With money in the bank from the FA Cup run and crowds on the up the prospects for the 2001/2002 season looked very promising but a disappointing run in the second half the season saw Wanderers finally end up in 11th place - the best finish for several years but still behind the expectations set by the club.
The 2002/2003 season was extremely disappointing for the Wanderers faithful as they saw the team slip uncomfortably towards the bottom of the table. A run of eight games without a win in the run in to the season saw Wanderers finish 18th.
The 2003/4 campaign started with an opening day win for the first time in nine years and this was followed by a League Cup victory over the South London mob who moved to Milton Keynes. However, from there on in it was all down hill culminating in the sacking of Lawrie Sanchez on Tuesday 30th September 2003. Within a couple of days John Gorman had been appointed as Caretaker Manager and after another four weeks of searching Arsenal legend Tony Adams was announced as the man to lead the Wanderers into a new era. Sadly for Wanderers there was little change in form and by the end of the 2003/4 season the Club found itself relegated for only the second time its history. Back in the basement division for the first time since 1993/4, Adams is now looking to continue his rebuilding process as Wanderers look for a swift return up the Football League.

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WHERE THE HELL IS WYCOMBE?

High Wycombe is situated approx 30 miles west of London. The Wanderers play at Adams Park which is about two miles from the Town Centre, situated in Hillbottom Road, Sands Industrial Estate. Click here for local area map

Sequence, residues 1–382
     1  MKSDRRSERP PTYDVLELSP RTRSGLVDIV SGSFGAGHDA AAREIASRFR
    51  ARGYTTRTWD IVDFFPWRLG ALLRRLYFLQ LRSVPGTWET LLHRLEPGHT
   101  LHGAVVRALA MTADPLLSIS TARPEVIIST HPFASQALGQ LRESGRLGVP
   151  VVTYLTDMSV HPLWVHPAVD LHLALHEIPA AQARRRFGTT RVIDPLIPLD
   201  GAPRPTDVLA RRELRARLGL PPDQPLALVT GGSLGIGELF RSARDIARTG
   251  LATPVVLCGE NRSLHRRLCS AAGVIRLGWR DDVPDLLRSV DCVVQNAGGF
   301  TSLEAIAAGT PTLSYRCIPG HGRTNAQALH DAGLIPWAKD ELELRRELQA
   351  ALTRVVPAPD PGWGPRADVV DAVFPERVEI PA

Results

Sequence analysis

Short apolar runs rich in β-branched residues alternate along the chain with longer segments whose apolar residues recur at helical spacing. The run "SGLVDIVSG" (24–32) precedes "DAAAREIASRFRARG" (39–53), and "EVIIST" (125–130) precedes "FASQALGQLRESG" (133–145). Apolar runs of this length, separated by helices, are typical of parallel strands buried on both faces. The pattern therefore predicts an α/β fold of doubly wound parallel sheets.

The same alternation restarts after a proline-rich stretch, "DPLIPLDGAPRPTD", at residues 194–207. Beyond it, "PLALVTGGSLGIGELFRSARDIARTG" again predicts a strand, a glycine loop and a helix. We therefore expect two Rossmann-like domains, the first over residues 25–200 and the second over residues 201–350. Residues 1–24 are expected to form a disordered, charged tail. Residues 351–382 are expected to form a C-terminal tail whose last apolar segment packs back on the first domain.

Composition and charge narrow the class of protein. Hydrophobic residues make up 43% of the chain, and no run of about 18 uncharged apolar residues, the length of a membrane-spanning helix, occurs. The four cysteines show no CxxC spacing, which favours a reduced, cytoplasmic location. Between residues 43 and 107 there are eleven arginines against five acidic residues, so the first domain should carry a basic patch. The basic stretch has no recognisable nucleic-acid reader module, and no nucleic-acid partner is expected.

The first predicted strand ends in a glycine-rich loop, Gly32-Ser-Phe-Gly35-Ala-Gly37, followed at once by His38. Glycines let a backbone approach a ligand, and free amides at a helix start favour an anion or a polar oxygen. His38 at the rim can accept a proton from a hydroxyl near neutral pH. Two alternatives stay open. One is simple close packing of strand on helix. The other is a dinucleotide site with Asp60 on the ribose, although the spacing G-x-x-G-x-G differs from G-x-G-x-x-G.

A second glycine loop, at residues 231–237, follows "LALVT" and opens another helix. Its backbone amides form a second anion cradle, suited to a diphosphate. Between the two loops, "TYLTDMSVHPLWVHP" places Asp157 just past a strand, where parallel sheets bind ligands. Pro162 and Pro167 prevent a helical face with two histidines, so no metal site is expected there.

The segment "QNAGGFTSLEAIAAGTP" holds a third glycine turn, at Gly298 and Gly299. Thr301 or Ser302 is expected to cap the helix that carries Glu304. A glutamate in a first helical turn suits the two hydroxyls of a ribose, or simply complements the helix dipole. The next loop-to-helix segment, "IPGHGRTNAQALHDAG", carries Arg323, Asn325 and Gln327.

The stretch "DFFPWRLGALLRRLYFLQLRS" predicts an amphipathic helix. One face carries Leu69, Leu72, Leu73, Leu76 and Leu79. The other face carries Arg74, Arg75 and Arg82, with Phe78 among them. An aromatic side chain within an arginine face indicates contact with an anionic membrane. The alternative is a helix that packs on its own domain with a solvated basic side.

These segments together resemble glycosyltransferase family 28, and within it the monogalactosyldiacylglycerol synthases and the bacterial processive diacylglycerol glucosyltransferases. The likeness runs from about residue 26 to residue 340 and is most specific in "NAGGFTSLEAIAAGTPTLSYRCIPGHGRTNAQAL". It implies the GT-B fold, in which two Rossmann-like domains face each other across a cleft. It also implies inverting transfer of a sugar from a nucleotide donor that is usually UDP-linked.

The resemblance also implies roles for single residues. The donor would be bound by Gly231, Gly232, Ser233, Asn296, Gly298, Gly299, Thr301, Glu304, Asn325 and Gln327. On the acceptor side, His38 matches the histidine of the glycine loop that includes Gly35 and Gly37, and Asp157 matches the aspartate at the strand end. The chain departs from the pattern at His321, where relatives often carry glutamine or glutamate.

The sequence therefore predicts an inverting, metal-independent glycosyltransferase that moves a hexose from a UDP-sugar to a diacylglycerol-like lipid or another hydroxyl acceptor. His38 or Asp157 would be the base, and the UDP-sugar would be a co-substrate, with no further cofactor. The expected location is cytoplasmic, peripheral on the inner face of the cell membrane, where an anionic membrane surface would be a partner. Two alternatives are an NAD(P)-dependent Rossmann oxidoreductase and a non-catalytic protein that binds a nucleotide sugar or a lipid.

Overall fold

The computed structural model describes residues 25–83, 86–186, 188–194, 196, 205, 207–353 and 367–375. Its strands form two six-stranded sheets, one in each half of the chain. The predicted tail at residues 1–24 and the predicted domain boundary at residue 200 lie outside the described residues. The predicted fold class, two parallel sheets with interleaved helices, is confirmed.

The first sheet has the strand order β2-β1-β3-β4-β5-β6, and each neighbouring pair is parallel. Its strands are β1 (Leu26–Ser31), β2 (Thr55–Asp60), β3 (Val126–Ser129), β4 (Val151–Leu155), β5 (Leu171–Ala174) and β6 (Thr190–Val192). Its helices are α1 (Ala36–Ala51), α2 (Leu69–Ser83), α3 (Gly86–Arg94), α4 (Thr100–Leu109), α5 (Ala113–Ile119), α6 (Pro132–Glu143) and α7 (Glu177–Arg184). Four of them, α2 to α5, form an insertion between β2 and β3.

Directions:
Car:
Leave the M40 Motorway at junction 4 and take the A4010 signposted Aylesbury and then follow the signs for Wycombe Wanderers F C. Go across three roundabouts (John Hall Way) and travel down the hill (New Road). At the bottom is the first of two mini-roundabouts. Take a sharp first exit at the first one into Lane End Road and at the next roundabout travel straight across into Hillbottom Road (Sands Industrial Estate). There are close to 800 car parking spaces close to ground on a fine day. The majority of these are on the hill side over looking Adams Park, however, be warned that from the start of the 2002/2003 season there is now a charge of 5 per car, reducing by a 1 for every passenger down to a minimun charge of 2. This car park is to the right as you pass through the entrance gates of the club - stewards will direct you. There are also numerous industrial units that allow parking for a charge of between now up to around 3. Please note that the car-parks are not all patrolled during the game - DO NOT TEMPT THIEVES BY LEAVING VALUABLES ON SHOW. Be prepared for a long queue after the game if you park too near the ground!
Train: Nearest Railway Station to the ground is High Wycombe on the Network South East line. This line connects to London Marylebone to the east or Birmingham Snow Hill, Banbury, Bicester or Aylesbury to the North-West. The station is in the Town Centre and therefore over two miles from the ground. Two buses depart from the station on match days (see below) or take a Taxi (cost about £5 one way). Allow about 45 minutes to walk to the ground from the Railway Station.
Buses: A number of special buses run on most matchdays. In addition there are some service routes that run within a 15 minute walk of the entrance to the ground. Click here for the latest matchday travel details for the 2003/4 season.


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LOCAL PUBS AND GRUB

The nearest pub to the ground is The Hour Glass (144 Chapel Lane, Sands), about 1 mile from Adams Park. Away fans are accepted at the doorman's discretion. Food is usually served, there are three pool tables, video screens and a Juke Box. Real Ale is Benskins and possibly Martson's Pedigree. There is a Chip Shop about 300 metres from the Hour Glass on the corner of Mill End Road and Dashwood Avenue. (opposite direction to the ground). There are a few mobile food outlets on the final approach to the ground and most recently one on the immediate left on entry through the Adams Park gates.
A little further afield for the more adventurous, there are:-